‘I deal in anger, joy, rage and happiness’ – Pat Douthwaite (1934-2002)
Fractured emotions combined with theatrical imagination were the lifeblood behind the inimitable style of this unique artist. With a passion for dance since childhood, Pat Douthwaite then turned her creativity to painting – the Scottish Colourist J D Fergusson recognised her raw, innate talent and persuaded her not to attend art school. As a self-taught artist, this allowed her to develop her own individual, free-spirited, expressive style. Almost twenty years since her death, ‘On the Edge’ presents a diverse range of large scale oil paintings, charcoal and pastel drawings, prints and watercolours, spanning her career from 1959 to 1999. Her work can certainly be viewed as autobiographical, frequently portraying herself as the subject and astute observations of animals, people and places as a nomadic, worldwide traveller.
Douthwaite moved to Suffolk in 1958, living in a community of influential artists: the ‘Two Roberts’, (Colquhoun, McBride), William Crozier and Paul Hogarth, whom she soon married.
This sparse, abstract Suffolk Landscape evokes the bleak midwinter with a blanket of white snow and threatening black sky. Like a patchwork of geometric shapes, there is such tangible texture in the grid pattern of fields, hedges and bare trees.
Her mother had been a hat designer and the young Pat liked to dress up in veils and feathers, jewellery and makeup in showgirl fashion. The fantastical Woman with a Peacock in her Hair may at first seem humorously pantomimic, but the bared teeth, glinting eyes, scarlet lips and pair of sharp scissors, add a hidden, menacing scenario.
In a total contrast of genre, Yellow Nude (Woman one), is a cool, composed figure with deconstructed female anatomy and teasing glimpse of a black stocking. Perhaps an homage to Sonia Delaunay sixty years earlier in her seductive, rather androgynous, Yellow Nude, (1908).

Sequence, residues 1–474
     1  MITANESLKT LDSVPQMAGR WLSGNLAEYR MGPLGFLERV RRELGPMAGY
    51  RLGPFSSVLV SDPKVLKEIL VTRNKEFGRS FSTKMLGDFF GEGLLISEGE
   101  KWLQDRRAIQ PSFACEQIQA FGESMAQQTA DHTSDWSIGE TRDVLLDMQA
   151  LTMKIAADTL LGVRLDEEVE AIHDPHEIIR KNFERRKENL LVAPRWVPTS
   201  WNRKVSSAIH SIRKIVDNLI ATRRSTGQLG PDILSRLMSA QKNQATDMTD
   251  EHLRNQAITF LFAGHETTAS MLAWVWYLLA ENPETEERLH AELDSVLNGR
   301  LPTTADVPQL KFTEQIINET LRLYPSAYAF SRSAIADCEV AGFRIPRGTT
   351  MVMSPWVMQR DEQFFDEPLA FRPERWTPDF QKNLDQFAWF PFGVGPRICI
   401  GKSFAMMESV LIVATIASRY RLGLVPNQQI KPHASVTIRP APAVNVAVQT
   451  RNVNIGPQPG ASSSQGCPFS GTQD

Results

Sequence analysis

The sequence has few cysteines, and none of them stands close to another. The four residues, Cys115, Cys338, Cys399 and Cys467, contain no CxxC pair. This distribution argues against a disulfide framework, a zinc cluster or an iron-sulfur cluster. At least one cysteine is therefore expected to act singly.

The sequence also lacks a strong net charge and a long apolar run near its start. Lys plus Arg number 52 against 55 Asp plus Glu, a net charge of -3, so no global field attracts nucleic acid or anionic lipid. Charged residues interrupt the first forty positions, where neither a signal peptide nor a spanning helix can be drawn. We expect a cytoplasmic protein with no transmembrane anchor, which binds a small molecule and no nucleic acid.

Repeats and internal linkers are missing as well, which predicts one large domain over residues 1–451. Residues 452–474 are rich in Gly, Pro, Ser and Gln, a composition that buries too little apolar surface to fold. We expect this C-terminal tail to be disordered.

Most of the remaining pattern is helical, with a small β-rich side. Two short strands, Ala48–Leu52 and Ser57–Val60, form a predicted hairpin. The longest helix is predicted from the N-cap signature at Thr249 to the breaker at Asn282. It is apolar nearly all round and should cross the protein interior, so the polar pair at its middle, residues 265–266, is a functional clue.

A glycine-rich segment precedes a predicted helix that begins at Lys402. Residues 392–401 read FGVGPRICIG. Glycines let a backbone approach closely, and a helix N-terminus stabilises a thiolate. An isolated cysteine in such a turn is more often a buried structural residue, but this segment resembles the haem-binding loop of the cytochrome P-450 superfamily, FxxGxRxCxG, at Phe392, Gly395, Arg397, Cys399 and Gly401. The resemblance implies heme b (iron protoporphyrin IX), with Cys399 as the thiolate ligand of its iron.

In 1892, Edvard Munch described ‘a gust of melancholy, a vast infinite scream’ on a walk at sunset, the moment captured in his iconic self-portrait. Francis Bacon depicted his personal demons in distorted images of a wide-open, wailing mouth. Here too, Douthwaite’s 1970s series of women viewed in profile, all wild hair and dark eyes, Angry Dancer, Yellow Hair, and Goddess, are powerful, painful images of a silent scream of anguish, a hollow howl of despair: quietly emotive, enigmatic and haunting.
As a way of soul searching the sensitive, vulnerable side of her personality, she was able to express these feelings through art: ‘…painting myself over and over again… self-portraits in disguise with small facets of other people real or imagined juxtaposed among it all.’
The palette across most works here is a fairly consistent blend of yellow, ochre, mustard, tobacco brown with a splash of turquoise, but a charming portrait of Madeline, looking rather perplexed, has a pleasing background of sugar pink.
A delightfully humorous sketch, Woman in a Dress has the trademark profile with a gentle smile around the mouth, straggling curls and tiny button breasts. Mythical creatures, birds and animals also feature strongly, such as quirky caricatures of Mr. Henry Dooley, the artist’s beloved dog.
Painted in 1999 is a delicate watercolour of the Orkney Isles is pared down to simple, striated blocks to reflect the sandy shore, greyish sky and blue sea, which glows with a faint glimmering, shimmering misty light.
Toby Hogarth has described how his mother painted through the night, listening to loud music which fuelled emotion and strong creative energy – akin to Kerouac’s spontaneous, literary style, ‘with the raciness, freedom and humour of jazz.’ As this mini retrospective of Pat Douthwaite illustrates so well, from the vivaciously light-hearted to the vividly aggressive in mood, the focus is on heartfelt authenticity with imaginative, aesthetic vision.
A virtual 3D tour around the gallery is available on the website, and on Tuesday 23rd February at 5pm there be a 15-minute gallery tour of the exhibition with Christina Jansen, again via the Gallery’s website.
With grateful thanks to Vivien Devlin for this review.